It can happen to anyone by Deborah Tensley-Jones

Judy considered herself to be a pretty smart lady and felt she had her stuff together.  She held a MBA and ran a successful business of her own.  She was in her late forties and a divorcee.  She hadn’t dated in over five years after her divorce and felt confident with herself that she was ready to get back in the game.  She felt it would be safer to use an accredited dating site where the candidates went through a screening and she didn’t want to feel like she was meat shopping.  Through the online site Judy had met Craig.  Craig was about the same age, well-educated and a successful businessman.  The chatted online and on the phone for weeks before she finally agreed to meet him for coffee.   Being a first meeting Judy decided to be safe and they met at the local coffee house and engaged in great conversation and shared some laughs.  She was so comfortable with Craig that she agreed to have a “real date” so they made arrangements to meet for dinner a week later.  After dinner Craig drove Judy home and she invited him in for coffee.  Long story short Craig raped Judy.  “How could I let this happen?” she asked.  In truth it was not her fault at all.

April is Sexual Assault Awareness Month when we can all use our voices to change the culture to prevent sexual violence.   Prevention means addressing the root causes and social norms that allow sexual violence to exist. Sexual assault is an umbrella term that includes a wide range of victimizations that can include completed or attempted attacks when a person is forced, coerced and / or manipulated into unwanted sexual activity.  Sexual assault is part of a range of behaviors that offenders use to take power from their victims.  Anyone can be a victim and everyone is affected either directly or indirectly.  Every 98 seconds an individual experiences sexual assault, which means everyday hundreds are affected. There are many organizations that can assist.


Kansas Coalition Against Sexual & Domestic Violence in Topeka, Kansas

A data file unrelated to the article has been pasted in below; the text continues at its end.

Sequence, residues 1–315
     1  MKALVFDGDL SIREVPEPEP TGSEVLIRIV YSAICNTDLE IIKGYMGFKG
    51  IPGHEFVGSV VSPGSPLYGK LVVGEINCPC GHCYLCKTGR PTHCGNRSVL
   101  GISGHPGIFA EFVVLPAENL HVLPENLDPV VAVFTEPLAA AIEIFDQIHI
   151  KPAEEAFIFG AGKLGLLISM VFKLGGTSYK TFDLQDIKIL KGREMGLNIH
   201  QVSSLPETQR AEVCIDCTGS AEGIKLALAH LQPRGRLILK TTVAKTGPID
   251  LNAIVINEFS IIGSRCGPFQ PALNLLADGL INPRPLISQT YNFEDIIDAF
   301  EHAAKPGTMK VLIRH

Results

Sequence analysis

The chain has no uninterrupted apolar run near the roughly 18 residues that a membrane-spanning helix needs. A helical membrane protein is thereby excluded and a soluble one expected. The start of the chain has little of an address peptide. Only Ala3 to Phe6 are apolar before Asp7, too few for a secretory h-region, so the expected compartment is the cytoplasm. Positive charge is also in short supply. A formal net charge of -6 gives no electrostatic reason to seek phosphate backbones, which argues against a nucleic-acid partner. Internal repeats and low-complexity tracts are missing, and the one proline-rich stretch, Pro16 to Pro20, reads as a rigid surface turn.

MOCSA -Metropolitan Organization to Counter Sexual Assault


MOCSA Crisis Line: (816) 531-0233 or (913) 642-0233

Both organizations provide information, training and expertise to program victims, family and friends and anyone whose lives have been affected by sexual assault.

RAINN – or 800-656-HOPE – Rape, Abuse & Incest National Network (RAINN) is the nation’s largest anti-sexual violence organization.  RAINN created and operates the National Sexual Assault Hotline (800-656-HOPE, ) in partnership with over 1,000 local sexual assault service providers across the country.

There is prevention and training on how to reduce the risk of being sexually assaulted:

In most incidents the victim is somehow acquainted with their attacker and many people are afraid or don’t know how to seek help when involved in such an assault situation.  Usually the victim will not see red flags because they may know or trust the person.  Let’s be more aware and informed about sexual assault because it can happen to anyone. 

How to Care for Yourself After Sexual Assault

saam - women 3By now you probably know that GateWay of Hope is honoring April as Sexual Assault Awareness Month (SAAM). In our first blog post this month we looked at who is affected and how it affects them. (Click here to read the previous post.) We also examined how to help prevent sexual assault/abuse. In our second post, we explored how both individuals and churches can offer support to survivors.

Before we consider today’s topic – caring for yourself – I want to add three more suggestions for walking beside a survivor of sexual trauma:

  • Acknowledge your own inadequacies – to yourself AND your friend. You don’t have to have the answers or solutions. You are not called to make everything okay. You are simply called to be there and offer love. It’s okay to feel weak and not know what to do. Now you know how your friend often feels.
  • Be willing to witness intense pain, multi-layered anger, and unanswerable questions. The kind of evil your friend has faced will be hard for you to hear and look at. You may be uncomfortable at times. You may also be triggered if you have your own unresolved pain. If that happens don’t ignore it, but take care of yourself. Know this will be hard for you as well as her.
  • Pray. Pray. Pray. This woman is in a battle for her life. She needs your prayers. But always ask her permission before you pray in her presence. She may be angry at God and not want to have anything to do with Him at this time. Don’t force God on her, but keep praying for her anyway.

Today’s blog post is for the woman who has survived the tragedy of sexual abuse or assault. If you don’t happen to be one of those women, thank God…but please keep reading. You too can learn something.

In our first blog post we learned sexual abuse affects our entire lives: bodies, emotions, relationships, thinking and spirits. In today’s post, I want to encourage you to take care of yourself in all of those areas! I know this will be hard because some of you may not think you are even worth taking care of. But that just isn’t true. You are valuable. You have worth. It’s time to take care of you.